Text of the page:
The attention of the SBC has been turned, most fortunately, to the campus of Southwestern Baptist Theological Seminary. This is evidenced, of course, by no fewer than eight articles in Baptist Press over a seven-day period, unprecedented coverage in the nation’s newspapers, and no small bit of blogging chatter.
There is considerable speculation about the “leaking” of presidential reports to the trustees, and as much conjecture about the maneuvering and manipulation of trustees, bloggers, and seminary administrators alike. I make no pretense of understanding the trustee action(s) of the past week, either the motivation or consequence thereof. I sat in the meetings as an observer, spending most of my time perusing a scholarly periodical of one sort or another, or reading a book.
Before chapel on Tuesday, I sat nearby while Tammi Reed Ledbetter from the SBTexan reassured trustee Dwight McKissic that she “knew his heart,” while cautioning him that “others” meant “harm” to the seminary. Leaning into Dwight McKissic, looking thin and tall and matter-of-fact like Jane Hathaway, Mrs. Ledbetter warned the freshman Texas trustee that others might use him as another weapon with which to attack the school, or its president, Paige Patterson. Dwight, as always, was gracious and forgiving where I would have been insulted and taciturn. The ability to use a trustee – or a reporter for that matter – for political gain in the convention is equally possible for those who support Patterson’s agenda for the convention as it is for those who question it. Nevertheless, I’m sure Southern Baptists are quite competent to judge the degree of journalistic impartiality represented in the past week’s onslaught of Ledbetter contributions to Baptist Press.
I must confess that I watch the orchestration of SWBTS trustee meetings with a jaundiced eye. It is not that I distrust the processes and personalities of trustee oversight. Rather, I know the heart of man is deceitful above all things, and I am inclined to a prime facie skepticism of institutional bureaucracies, especially when I have had the good fortune to smell the foul odor at close range and see the corrupting influence of unchecked power upon men of otherwise charitable dispositions.
I do not trust Paige Patterson to run a denominational institution without careful trustee oversight and transparent accountability before the convention that pays his salary. In fact, I don’t think any man should be allowed to lead an institution without meticulous trustee scrutiny of his spending, his appointments, and his application of trustee policies and/or guidelines. Unlike others, I do not believe that gratitude for a man’s service to the convention requires our denomination to sign blank checks for his endowment aspirations, to “put our hands over our mouths” and acquiesce to his latest agenda for the IMB or NAMB, or to yield the governance of one square inch of denominational property, the articulation of one syllable of our denominational confession of faith, or one thin dime of our denominational assets, regardless of how “conservative” the “resurgence” he led.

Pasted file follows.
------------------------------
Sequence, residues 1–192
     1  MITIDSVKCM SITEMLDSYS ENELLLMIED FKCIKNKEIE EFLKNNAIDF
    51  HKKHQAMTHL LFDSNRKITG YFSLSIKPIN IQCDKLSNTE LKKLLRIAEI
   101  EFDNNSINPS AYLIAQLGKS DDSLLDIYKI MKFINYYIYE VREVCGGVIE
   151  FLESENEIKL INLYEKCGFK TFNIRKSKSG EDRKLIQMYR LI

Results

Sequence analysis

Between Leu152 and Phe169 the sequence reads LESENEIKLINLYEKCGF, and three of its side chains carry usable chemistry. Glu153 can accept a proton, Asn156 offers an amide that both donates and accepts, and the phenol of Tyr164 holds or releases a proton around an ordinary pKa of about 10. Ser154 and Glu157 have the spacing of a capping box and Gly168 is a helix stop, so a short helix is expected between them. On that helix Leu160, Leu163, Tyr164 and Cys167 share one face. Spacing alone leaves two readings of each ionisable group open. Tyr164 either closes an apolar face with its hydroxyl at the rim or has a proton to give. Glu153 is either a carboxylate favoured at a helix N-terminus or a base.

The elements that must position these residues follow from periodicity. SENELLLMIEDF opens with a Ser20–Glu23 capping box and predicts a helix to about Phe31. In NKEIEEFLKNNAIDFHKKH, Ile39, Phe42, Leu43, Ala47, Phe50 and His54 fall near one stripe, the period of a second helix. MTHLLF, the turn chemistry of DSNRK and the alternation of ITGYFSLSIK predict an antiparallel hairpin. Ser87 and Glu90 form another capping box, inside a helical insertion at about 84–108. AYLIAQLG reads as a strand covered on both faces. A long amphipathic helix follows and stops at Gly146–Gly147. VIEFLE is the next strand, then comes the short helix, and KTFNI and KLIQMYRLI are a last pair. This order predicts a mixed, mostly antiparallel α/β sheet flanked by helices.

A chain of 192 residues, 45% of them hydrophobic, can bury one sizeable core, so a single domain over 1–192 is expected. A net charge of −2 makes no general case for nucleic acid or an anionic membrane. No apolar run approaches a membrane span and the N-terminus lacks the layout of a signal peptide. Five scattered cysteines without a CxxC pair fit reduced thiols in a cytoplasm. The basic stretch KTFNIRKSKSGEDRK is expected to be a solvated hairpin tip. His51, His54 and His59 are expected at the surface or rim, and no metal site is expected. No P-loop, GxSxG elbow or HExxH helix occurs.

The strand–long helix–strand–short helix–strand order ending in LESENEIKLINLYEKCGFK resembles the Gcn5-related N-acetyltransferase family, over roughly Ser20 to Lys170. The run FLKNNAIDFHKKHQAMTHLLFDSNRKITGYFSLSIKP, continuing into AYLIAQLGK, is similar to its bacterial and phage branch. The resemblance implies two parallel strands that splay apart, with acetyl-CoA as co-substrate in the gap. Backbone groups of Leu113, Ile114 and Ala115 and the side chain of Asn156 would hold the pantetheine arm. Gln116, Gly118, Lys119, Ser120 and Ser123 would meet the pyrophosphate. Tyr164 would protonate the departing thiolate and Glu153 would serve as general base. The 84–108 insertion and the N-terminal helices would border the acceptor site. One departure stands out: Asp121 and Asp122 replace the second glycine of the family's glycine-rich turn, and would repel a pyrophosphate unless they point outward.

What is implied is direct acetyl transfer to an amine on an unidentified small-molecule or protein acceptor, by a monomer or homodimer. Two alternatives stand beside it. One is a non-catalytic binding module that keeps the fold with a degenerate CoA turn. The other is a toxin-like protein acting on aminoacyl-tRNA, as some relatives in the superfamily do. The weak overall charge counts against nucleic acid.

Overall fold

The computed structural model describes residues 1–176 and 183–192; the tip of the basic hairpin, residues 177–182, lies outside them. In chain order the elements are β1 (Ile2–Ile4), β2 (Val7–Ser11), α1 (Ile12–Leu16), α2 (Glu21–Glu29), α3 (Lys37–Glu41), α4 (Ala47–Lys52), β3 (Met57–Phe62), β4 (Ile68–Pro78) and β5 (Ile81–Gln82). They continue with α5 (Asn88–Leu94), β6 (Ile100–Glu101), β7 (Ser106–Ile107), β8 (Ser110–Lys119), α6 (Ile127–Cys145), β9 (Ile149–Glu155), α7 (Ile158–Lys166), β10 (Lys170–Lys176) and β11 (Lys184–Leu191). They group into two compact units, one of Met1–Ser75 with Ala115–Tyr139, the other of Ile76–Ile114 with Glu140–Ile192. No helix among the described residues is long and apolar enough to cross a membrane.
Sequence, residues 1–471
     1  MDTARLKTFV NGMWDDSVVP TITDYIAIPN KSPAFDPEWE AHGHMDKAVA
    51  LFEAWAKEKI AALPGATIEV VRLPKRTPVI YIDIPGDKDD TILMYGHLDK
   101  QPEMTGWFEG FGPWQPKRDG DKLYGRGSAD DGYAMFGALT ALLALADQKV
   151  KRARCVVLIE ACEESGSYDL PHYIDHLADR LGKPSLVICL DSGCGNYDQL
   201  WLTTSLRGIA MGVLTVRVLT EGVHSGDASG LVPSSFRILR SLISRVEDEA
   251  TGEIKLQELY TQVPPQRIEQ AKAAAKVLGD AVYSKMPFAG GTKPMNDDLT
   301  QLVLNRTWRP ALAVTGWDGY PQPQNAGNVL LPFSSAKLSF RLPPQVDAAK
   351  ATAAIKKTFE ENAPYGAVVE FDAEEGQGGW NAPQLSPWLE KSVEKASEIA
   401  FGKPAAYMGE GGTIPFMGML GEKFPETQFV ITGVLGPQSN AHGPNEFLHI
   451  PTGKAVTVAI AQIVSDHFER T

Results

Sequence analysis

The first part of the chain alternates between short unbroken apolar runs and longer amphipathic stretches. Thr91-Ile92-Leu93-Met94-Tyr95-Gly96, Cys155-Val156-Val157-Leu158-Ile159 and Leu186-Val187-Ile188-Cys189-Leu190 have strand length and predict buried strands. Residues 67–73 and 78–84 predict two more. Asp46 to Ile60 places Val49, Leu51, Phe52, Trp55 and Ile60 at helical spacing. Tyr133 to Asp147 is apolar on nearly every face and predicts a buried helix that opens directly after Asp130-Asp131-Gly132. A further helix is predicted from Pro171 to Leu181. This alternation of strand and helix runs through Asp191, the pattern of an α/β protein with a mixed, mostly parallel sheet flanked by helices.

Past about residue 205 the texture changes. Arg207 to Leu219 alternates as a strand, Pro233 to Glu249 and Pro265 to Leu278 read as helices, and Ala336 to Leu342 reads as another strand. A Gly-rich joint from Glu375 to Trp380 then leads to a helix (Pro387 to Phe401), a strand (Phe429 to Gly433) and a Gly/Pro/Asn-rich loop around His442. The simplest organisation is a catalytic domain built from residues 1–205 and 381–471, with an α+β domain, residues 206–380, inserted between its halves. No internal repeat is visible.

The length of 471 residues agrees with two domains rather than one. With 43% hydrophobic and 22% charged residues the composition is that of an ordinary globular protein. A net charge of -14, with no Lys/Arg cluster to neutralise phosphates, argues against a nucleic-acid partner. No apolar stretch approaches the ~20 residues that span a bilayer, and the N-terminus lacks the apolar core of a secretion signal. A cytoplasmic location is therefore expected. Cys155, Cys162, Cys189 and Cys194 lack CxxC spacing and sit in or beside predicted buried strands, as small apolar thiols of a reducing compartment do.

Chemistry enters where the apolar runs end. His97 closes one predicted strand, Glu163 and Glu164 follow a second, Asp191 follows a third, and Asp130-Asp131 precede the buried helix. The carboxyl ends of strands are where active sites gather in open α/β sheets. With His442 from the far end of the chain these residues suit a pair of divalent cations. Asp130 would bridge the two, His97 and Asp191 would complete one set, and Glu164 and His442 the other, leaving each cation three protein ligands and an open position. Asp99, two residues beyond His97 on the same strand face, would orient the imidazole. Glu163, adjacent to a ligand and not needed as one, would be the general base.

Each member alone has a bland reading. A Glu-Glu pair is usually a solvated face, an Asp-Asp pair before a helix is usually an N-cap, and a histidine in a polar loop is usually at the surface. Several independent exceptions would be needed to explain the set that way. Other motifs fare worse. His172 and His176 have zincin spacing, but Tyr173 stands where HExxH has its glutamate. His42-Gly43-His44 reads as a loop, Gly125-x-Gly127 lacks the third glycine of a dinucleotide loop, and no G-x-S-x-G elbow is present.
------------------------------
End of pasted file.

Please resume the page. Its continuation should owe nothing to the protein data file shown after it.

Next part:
I believe that the interests and assets of Southern Baptists are best protected and administered in an environment of transparent trustee governance whereby the authorized boards of convention agencies and institutions are elected to preserve the sacred trust committed unto them by messengers to the annual meeting. I believe that NAMB would have been better served by more careful trustee oversight. I believe that Bob Reccord’s name and testimony would have been spared the unfortunate characterization he received because trustees did too little too late to exercise their prerogatives of governance.
One interesting detail coming out of the trustee meeting is the statement concerning private prayer languages. I’ll not labor the point of my obvious disagreement with this statement’s adoption, except to note the difference between the statement proposed by Paige Patterson, and the final statement that was adopted by trustees.
Patterson’s statement, provided to seminary trustees on Monday for discussion during the closed, informal session, included the following, curiously irrelevant sentence in the final paragraph:
“Southwestern Seminary will continue to advocate the full equality of women and men but will also continue to honor the New Testament teaching that women not hold positions teaching or ruling men in the family or the church of God.”
Yet, the final trustee statement, as reported in Baptist Press, excluded the sentence about women’s roles. I suppose the trustees recognized that Patterson’s insertion of the language concerning women’s roles was more about striking Dwight McKissic, whose church allows women to serve in ministry roles that include public proclamation, than it was about addressing the issue of so-called “Pentecostal/Neo-Charismatic” theological influences in Baptist life. I only wish they would have rejected the statement altogether, though I understand from one seminary trustee that some of them felt in the odd predicament of either “supporting the president” or “siding with bloggers.”